CYCLISTS are set to take to the streets for charity in a 54-mile bike ride from London to the south coast.

Bikers taking part in this year’s London to Brighton Bike Ride will head off from Clapham Common on Sunday from 6am towards the finish line on Madeira Drive in Brighton.

Around 15,000 riders are expected to take part in this year’s event, organised by the British Heart Foundation, with other charities also invited to have fundraisers at the event.

The event is returning after a two-year hiatus following the Covid-19 pandemic, with the British Heart Foundation hoping to raise £2.8 million to fund life-saving science. 

Along the 54-mile route, cyclists will climb Ditchling Beacon - the highest point in East Sussex at an elevation of 248 metres.

All participants will receive their own medal for completing the route and unwind at a beach village along the seafront, with live music from local bands and musicians.

The event is set to cause significant travel disruption across the city.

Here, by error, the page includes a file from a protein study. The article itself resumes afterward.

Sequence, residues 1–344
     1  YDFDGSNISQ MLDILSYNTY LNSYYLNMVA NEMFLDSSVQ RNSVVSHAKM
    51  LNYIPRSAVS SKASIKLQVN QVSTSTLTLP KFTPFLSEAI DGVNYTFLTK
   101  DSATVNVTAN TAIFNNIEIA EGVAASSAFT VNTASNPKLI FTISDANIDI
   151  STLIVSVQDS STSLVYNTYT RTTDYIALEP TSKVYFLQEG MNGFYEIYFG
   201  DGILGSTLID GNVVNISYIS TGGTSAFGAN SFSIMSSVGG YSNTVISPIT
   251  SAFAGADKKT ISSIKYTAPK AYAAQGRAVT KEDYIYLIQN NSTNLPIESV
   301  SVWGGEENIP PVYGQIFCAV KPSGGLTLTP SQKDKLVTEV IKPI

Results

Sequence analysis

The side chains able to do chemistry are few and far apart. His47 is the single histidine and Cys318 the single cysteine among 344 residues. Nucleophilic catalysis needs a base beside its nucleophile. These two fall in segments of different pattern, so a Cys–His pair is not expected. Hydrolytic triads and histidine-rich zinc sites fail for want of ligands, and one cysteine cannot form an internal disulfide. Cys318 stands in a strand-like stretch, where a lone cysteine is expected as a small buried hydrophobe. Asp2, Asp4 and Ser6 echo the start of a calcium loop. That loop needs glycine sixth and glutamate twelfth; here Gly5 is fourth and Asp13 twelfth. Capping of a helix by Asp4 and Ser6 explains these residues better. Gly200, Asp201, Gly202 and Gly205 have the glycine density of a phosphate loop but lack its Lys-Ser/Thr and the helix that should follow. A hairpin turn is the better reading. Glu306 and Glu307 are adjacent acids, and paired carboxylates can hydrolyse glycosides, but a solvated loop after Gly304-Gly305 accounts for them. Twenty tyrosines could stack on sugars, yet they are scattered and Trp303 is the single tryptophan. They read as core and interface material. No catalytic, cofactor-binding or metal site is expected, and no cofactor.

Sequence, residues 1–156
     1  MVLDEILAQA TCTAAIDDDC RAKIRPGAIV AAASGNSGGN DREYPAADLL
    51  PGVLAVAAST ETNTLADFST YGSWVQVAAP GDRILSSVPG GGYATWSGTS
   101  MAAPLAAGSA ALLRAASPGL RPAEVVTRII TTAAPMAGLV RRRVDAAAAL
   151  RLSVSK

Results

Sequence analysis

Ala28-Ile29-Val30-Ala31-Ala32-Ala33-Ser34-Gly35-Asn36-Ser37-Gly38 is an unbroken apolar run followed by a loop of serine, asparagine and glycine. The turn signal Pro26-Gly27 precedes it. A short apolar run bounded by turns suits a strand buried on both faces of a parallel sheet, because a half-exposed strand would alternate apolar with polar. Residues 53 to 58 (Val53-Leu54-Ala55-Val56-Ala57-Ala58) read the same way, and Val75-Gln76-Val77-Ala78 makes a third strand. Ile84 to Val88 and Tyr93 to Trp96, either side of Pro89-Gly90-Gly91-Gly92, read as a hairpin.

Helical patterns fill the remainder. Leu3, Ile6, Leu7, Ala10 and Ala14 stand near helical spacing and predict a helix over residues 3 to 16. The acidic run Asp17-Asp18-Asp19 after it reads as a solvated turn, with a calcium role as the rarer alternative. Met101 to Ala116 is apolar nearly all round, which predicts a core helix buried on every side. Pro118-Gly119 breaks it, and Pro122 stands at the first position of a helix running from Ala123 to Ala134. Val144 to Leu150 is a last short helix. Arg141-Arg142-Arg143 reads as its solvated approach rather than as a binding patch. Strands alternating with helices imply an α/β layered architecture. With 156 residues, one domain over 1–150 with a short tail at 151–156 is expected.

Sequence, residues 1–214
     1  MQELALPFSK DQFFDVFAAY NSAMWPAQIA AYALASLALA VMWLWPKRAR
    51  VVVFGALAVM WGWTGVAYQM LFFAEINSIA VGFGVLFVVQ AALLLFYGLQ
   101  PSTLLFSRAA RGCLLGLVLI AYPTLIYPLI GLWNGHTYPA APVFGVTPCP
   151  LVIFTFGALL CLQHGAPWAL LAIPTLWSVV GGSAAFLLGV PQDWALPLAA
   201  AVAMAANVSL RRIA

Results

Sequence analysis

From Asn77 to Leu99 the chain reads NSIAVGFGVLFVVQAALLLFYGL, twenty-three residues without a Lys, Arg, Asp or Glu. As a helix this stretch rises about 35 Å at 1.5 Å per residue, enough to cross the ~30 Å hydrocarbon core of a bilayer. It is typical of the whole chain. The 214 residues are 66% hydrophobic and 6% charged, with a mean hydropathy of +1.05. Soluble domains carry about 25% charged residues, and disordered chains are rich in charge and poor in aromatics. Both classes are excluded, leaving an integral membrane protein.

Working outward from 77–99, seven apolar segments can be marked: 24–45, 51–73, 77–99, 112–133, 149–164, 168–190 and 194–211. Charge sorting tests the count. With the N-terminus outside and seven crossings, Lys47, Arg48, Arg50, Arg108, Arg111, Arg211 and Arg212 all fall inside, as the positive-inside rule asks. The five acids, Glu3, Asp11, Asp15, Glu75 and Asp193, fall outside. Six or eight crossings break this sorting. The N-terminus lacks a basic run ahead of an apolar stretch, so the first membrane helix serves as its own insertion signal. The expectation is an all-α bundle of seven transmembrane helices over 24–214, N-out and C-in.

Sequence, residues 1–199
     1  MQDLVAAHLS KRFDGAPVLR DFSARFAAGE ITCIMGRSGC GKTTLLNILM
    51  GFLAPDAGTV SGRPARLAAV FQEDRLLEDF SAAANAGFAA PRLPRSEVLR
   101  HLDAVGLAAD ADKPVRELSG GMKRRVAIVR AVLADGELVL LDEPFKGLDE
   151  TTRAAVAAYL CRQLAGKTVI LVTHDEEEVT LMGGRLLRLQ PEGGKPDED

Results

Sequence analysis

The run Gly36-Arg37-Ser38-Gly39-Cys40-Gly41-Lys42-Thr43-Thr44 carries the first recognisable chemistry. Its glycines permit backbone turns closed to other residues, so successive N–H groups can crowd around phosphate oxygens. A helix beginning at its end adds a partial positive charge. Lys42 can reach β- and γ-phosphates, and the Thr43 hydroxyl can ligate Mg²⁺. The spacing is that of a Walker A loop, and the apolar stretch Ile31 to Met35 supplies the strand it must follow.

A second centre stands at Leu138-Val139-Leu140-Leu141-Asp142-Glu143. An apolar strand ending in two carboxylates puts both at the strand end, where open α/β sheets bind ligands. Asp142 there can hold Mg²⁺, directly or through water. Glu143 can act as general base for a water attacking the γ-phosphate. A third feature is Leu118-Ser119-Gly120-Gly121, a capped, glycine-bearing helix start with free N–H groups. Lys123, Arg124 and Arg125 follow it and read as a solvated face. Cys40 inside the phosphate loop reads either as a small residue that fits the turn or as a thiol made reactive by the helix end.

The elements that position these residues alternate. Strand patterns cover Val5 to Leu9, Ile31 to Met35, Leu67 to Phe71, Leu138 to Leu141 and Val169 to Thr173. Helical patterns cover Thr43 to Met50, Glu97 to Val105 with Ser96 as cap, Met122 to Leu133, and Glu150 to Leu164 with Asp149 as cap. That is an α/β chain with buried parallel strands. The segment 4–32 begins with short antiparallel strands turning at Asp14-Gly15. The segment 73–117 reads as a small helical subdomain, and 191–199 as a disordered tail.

Brighton and Hove Buses have warned no southbound buses will operate along Lewes Road from around 9.30am on June 19 until 7.30pm.

Several bus routes will be impacted by the event, with the 24 and 79 being suspended, with others being diverted for most of the day.

Thameslink and Southern Rail have warned that customers travelling on services from Brighton with bicycles could experience delays on Saturday, June 18 and Monday, June 20, as their trains can only hold a limited number of bikes.

On Sunday, bikes will not be permitted on Gatwick Express, Southern or Thameslink trains from the start of service until midday.

The Argus: Map of cycle restrictions on Sunday, June 19Map of cycle restrictions on Sunday, June 19

After 12pm, restrictions will continue on services departing from any station between Gatwick Airport, Chichester, Bognor, Littlehampton, Seaford, Eastbourne, Pevensey and Westham and Brighton.

The London to Brighton Bike Ride is Europe’s oldest charity bike ride, taking place every summer since 1975 after being organised by street performer Robert Stredder and his partner as a bike version of the London to Brighton car rally.

The event has grown from just 36 riders to several thousand cyclists every year.

Over more than 40 years, more than 800,000 cyclists have taken part and raised more than £65 million to fund life-saving research into heart disease.